If you’re like me when you think of Amazon and in-home shopping nowadays, the first thing that pops to mind is Alexa.
But before Alexa took over the world, Amazon had introduced another platform to enable effortless in-home shopping for pretty much anything: Dash. First came the wand and later Dash buttons, and eventually Amazon started to push Dash inside of appliances with its Dash Replenishment Service.
From there we all know what happened next. Alexa became a phenomenon and, for the most part, Dash became Amazon’s forgotten in-home commerce interface. Sure, Amazon still offers the stand-alone discrete buttons for all types of consumables like detergent and diapers, and they started pushing the idea of virtual buttons a couple of years ago, but for the most part the online shopping giant has largely de-emphasized Dash as tens of millions of Alexa devices have made their way into homes, ready to take your voice order for just about anything.
But Dash might not be dead just yet. This past January at CES, the company quietly announced the Virtual Dash Button Service (VDBS) as part of a broader Dash announcement that included a less-than-inspiring lineup of Dash Replenishment integrations (Petcube bites, anyone?). While the announcement was largely overlooked at the time, it was a sign that showed the company may still have some hope for the push-button ordering system.
While Whirlpool announced back in January they would be adding virtual Dash buttons to its appliances, for the most part, the VDBS service has yet to show up on any major appliances (unless, of course, you consider Amazon’s own microwave a major appliance).
That’s because Samsung released its latest version of their Family Hub software and, in addition to enhanced Smart Things and shopping list capabilities, it will also include the Virtual Dash Button Service.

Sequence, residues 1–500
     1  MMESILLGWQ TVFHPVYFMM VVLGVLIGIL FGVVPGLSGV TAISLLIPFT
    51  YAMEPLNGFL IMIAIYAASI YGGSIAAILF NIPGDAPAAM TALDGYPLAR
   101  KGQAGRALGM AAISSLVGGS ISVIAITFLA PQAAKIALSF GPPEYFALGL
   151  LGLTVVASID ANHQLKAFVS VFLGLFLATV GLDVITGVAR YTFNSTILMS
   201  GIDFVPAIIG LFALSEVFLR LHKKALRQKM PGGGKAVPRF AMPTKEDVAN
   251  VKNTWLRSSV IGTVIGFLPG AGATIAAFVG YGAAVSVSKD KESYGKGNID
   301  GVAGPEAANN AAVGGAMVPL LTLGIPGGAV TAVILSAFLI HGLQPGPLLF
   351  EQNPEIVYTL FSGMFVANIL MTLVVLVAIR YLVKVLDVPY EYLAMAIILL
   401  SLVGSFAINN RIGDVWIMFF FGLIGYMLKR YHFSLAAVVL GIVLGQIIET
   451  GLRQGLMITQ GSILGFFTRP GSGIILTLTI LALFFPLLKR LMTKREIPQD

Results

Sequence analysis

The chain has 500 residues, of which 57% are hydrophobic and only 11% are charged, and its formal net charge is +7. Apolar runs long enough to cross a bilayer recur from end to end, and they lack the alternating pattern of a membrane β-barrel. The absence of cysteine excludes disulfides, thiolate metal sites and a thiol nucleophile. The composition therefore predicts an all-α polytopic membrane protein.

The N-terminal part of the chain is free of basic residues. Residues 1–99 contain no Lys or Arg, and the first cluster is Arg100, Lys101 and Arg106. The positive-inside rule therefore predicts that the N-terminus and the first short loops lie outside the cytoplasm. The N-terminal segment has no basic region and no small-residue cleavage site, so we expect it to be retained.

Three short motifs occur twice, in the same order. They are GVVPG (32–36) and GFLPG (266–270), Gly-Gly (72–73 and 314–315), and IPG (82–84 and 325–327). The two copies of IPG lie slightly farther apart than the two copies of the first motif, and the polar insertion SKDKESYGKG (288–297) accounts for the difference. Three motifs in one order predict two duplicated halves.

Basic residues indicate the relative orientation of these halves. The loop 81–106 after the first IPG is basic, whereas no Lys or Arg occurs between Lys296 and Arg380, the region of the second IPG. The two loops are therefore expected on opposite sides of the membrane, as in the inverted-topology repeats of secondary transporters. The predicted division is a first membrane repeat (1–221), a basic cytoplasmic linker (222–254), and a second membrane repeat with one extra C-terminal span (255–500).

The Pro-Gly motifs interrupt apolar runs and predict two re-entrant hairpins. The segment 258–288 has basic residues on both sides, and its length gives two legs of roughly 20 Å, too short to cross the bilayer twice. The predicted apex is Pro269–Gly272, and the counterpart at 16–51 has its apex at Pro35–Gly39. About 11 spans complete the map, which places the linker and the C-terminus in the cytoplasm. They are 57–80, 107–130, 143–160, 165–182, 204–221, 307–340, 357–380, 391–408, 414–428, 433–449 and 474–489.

It’s a nice addition for Samsung, particularly since those with the Family Hub fridge have largely been shut out of the Amazon ecosystem. As most know, Samsung and Amazon don’t usually play nice, and because of this, Samsung has preferred to stock up its flagship fridge on its own platforms rather than cede voice control real estate to the likes of Amazon. And while owners of the $3,000 and up tech-forward fridge will still be talking to Bixby, at least now they can order items from Amazon using Dash buttons.
In addition to Dash, Samsung also announced the availability of GrubHub and Uber, as well as an enhanced meal planning feature that includes the ability to have family member profiles that factor in personalized preferences and dietary restrictions. They also have integrated with Allrecipes which, according to the release, allows the user to build customized recipes based on food on hand.
As for Amazon and Dash, we’ll see if this is the reemergence of the company’s forgotten shopping platform. With CES 2019 just around the corner, I’ll be watching to see if other big appliance brands jump on board by adding virtual buttons as a feature in their smart kitchen offerings.